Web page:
IT Management

For a change, IBM chose August to make some pretty radical mainframe announcements, further reinforcing its long-term commitment to the zSeries as its most scalable and cost-effective hardware platform.

Among the highlights of the August 22 announcements was the Mainframe Charter, a hand-on-heart statement of direction, subdivided into sections on innovation, value, and community. Under innovation, the company underlined its determination for the mainframe to remain the system of choice for large, complex workloads, and promised to deliver further on-demand capabilities and simplified system management and autonomics. For some years, the S/390 lost strategic impetus and developed almost in parallel with other platforms. Key areas of innovation and “new” application support often appeared first under Unix or Windows and then limped slowly onto the mainframe. The Charter acknowledges that zSeries is now firmly back on the critical path, and the technologies that have singled it out for complex commercial workloads are now filtering into other platforms, particularly Linux.

The second section of the Charter, value, can be summarized as lower prices, and IBM has left no doubt as to what this means: substantial savings—up to 80 percent—for new workloads; rebates on hardware; finer granularity for monthly license charges; much more attractive workload-based pricing for medium-size users (under 315 MSUs); on/off capacity on demand (CoD) for Integrated Facility for Linux (IFL) at the end of October; $10K/GB for memory across the board; and the list goes on. This is one of the most far-reaching announcements on mainframe pricing in years, and one that should be particularly heartening for the midsize users who so often get overlooked. The bottom line is that IBM is determined to encourage companies to move their new applications to the zSeries, and it plans to remove every last cost obstacle.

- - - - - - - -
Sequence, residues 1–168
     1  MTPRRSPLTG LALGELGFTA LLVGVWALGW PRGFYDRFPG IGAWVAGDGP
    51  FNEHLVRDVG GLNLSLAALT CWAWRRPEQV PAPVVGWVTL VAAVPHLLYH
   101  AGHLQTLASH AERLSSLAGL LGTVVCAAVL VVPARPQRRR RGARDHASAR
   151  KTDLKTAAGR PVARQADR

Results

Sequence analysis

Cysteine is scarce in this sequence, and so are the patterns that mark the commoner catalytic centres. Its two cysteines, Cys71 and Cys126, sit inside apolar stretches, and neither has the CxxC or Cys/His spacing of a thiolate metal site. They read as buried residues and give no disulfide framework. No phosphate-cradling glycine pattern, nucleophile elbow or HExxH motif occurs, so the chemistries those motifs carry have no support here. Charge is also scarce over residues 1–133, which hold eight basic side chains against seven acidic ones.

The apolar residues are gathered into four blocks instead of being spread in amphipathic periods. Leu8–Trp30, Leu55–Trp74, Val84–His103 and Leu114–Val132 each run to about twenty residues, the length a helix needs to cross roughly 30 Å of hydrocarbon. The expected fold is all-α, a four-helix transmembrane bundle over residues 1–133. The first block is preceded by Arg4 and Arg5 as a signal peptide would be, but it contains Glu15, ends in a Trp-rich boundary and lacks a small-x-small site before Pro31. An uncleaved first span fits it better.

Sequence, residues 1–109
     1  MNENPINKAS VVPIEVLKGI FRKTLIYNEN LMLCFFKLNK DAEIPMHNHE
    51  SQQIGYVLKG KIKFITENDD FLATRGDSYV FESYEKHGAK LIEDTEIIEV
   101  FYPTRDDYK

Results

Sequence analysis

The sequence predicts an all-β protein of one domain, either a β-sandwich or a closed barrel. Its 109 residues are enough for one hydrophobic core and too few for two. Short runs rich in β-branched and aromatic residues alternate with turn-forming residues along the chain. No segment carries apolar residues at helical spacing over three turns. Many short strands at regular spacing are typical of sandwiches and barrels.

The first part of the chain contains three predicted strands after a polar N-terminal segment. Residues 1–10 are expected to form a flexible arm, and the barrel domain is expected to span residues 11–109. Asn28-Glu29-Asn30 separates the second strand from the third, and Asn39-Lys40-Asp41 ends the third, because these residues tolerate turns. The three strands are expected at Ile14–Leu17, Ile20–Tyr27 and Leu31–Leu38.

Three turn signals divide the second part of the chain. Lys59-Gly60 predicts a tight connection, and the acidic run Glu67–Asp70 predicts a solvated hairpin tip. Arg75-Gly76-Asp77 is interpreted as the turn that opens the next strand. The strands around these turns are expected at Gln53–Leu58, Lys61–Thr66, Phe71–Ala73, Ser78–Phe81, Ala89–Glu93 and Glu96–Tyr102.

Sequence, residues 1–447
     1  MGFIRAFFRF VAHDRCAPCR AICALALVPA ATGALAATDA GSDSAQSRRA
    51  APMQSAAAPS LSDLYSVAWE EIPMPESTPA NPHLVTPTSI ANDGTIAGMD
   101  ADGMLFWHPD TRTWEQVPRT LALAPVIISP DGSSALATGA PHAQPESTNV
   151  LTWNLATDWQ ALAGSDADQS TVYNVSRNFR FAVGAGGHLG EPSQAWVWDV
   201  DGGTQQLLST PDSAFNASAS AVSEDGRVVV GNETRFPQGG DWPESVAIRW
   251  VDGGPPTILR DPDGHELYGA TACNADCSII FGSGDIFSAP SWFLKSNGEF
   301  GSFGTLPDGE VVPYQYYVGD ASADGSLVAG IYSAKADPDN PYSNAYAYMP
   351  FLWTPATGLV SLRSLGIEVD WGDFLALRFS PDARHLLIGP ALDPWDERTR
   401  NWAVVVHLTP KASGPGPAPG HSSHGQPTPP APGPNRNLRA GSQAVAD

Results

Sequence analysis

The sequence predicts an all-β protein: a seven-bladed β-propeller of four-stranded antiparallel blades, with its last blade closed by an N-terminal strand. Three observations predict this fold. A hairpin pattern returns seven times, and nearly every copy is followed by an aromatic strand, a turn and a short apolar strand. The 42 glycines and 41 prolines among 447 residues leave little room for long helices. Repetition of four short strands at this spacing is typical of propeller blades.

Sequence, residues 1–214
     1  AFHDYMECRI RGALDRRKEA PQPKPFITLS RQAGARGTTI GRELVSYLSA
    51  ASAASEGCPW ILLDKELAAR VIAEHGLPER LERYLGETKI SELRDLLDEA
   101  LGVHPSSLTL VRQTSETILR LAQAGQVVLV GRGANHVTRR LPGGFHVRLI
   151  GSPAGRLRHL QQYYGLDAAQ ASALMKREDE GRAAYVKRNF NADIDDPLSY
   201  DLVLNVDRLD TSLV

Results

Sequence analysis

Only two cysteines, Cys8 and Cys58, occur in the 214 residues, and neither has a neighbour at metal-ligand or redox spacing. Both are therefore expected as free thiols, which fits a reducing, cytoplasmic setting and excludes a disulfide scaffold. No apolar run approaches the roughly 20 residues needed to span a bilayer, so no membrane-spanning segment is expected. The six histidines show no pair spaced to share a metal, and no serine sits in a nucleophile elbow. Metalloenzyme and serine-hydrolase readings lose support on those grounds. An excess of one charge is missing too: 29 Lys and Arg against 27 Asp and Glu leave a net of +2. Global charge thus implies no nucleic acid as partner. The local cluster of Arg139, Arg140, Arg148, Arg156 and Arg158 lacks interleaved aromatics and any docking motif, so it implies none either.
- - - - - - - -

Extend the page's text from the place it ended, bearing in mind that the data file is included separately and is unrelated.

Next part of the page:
The third pillar of the IBM Charter, community, is about building up the number of strategic software partners and encouraging third-party activity. I always think being an IBM independent software vendor (ISV) is a little like hitching a ride on a tiger—it’s great as long as you remain firmly in place. IBM will be doing everything in its power to encourage new partnerships in the Open Source world, while maintaining existing partnerships with SAP, Siebel, and other application providers whose cooperation is so essential to the company’s long-term plans for the zSeries.

The more traditional legacy mainframe ISVs, however, will need to remain very cautious. The tiger they’re riding has a thirst for blood, and IBM is working very aggressively to offer customers a way of breaking away from third-party vendors that are not toeing the official line on support for usage-based pricing and other cost initiatives. Of course, many would claim that IBM is just as guilty of issuing conflicting and incomprehensible pricing schemes as its competitors, and there’s still plenty of room for streamlining and simplifying zSeries costs. However, these announcements at least offer a large step in the right direction.  


BMC has announced an alliance with GoldenGate (not to be confused with BMC’s own data management strategy of the same name), which will add further function to its SmartDBA console. SmartDBA is designed to control multiple mainframe and non-mainframe database formats from a single point. GoldenGate’s tools, which will be marketed by BMC under the SmartDBA banner, add bidirectional data synchronization and replication, backup, and disaster recovery capabilities.  


It seems that Computer Associates has spent the latter part of the summer gearing up for a massive advertising campaign to tell the world it is back on top. According to a recent survey from International Data Corp. (IDC), CA now holds the lion’s share—12.3 percent—of the enterprise system and storage management software market, thanks mainly to its strong focus on Linux and Windows. A July IDC report claimed that CA also leads in performance and availability management software.


Just when you thought you’ve heard everything . . . At the Sydney Airport in Sydney, Australia, thieves apparently walked off with a couple of mainframes from a customs cargo processing and intelligence center. Whether these machines were MVS systems isn’t clear. As Australian Liberal Member of Parliament (MP) Bob Charles succinctly put it, “If someone can walk into a secure government environment and walk out with mainframes, then I don’t know what guarantee we have of IT security.”

I knew it was a mistake to make those new mainframe boxes so small and lightweight—“big iron” has its advantages. If you’re concerned about theft, try weighting down your zSeries with a couple of PCs!Z